Lisa Pfefferle Is Appointed the C. Baldwin Sawyer Professor
Lisa D. Pfefferle, newly named as the C. Baldwin Sawyer Professor of Engineering, is an expert in the areas of combustion kinetics and chemical reaction engineering.
Pfefferle’s concentration is in catalytically stabilized hydrocarbon fuels and analyzing the hydrocarbon chemistry in flames. Her other interests include soot formation mechanisms, incineration of toxic wastes, laser-based diagnostics for chemically reacting flow systems and the synthesis of aligned carbon nanotubes.
The Yale engineer leads an interdisciplinary team that has been awarded a three-year, $1.7 million grant from the National Science Foundation (NSF) to design more efficient and cost-effective solar cells.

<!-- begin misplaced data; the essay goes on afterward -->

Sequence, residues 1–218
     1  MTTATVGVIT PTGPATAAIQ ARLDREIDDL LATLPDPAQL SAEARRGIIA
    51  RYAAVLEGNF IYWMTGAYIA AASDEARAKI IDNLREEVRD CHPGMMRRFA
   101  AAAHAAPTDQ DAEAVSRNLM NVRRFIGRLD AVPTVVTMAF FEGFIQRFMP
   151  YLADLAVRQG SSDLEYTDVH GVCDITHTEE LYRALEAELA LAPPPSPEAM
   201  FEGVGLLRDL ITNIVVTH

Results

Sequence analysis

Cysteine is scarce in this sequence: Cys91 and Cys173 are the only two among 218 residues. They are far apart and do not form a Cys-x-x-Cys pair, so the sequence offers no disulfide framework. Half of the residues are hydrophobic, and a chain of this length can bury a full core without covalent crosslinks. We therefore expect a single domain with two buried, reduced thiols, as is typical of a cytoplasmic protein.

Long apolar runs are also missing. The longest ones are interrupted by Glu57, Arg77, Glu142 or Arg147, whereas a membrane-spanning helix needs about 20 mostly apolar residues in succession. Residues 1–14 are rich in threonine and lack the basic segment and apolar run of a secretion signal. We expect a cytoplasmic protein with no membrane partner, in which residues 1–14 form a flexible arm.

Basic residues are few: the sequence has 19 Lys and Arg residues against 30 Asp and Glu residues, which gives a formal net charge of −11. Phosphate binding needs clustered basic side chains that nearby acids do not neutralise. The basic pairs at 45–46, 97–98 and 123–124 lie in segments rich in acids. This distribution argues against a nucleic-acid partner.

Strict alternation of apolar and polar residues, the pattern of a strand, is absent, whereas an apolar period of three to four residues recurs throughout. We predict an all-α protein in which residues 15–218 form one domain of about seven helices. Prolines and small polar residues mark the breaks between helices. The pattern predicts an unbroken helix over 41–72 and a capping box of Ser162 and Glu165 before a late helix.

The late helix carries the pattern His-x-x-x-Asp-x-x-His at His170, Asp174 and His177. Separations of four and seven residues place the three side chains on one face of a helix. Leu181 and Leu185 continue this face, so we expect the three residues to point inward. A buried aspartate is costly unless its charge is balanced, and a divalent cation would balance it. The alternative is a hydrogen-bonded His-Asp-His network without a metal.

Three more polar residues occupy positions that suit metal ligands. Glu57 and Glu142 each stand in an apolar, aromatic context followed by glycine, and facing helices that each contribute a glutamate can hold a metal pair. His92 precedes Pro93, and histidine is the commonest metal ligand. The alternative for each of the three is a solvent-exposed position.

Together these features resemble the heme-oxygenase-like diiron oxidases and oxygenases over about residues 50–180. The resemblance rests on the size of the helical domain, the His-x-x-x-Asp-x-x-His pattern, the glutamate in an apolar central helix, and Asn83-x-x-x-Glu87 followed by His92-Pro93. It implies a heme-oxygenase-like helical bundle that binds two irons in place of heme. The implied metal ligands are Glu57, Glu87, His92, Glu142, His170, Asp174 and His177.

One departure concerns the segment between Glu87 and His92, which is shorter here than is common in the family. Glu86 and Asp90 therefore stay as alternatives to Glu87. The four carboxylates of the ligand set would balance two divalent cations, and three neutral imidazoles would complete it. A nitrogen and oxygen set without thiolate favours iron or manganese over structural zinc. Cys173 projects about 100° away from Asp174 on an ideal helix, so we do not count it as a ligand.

She holds seven patents for the scientific materials and processes she has developed in her laboratory.
Pfefferle joined the Yale faculty as an assistant professor in 1983 and became the first female professor in engineering in 1997. She was also the first woman to chair a department in the physical sciences, serving as chair of the Department of Chemical Engineering 1999-2003.
At Yale, Pfefferle is also affiliated with the School of Engineering and Applied Sciences’ Environmental Engineering Program and with the new Yale Climate and Energy Institute.
A graduate of Princeton University, Pfefferle worked for E.I. Dupont de Nemours for two years as a process supervisor in an organic chemicals plant before pursuing her Ph.D. at the University of Pennsylvania.
She has been honored for her scientific contributions with a 2005 IBM Faculty Award and a 1997 Yale Science and Engineering Alumni Association Research Award. She was an NSF Presidential Young Investigator 1987-1992 and an Eli Lilly Teaching Fellow in 1987.
Pfefferle served on the board of the Eastern States Combustion Institute 1996-2006 and is a member of that professional organization.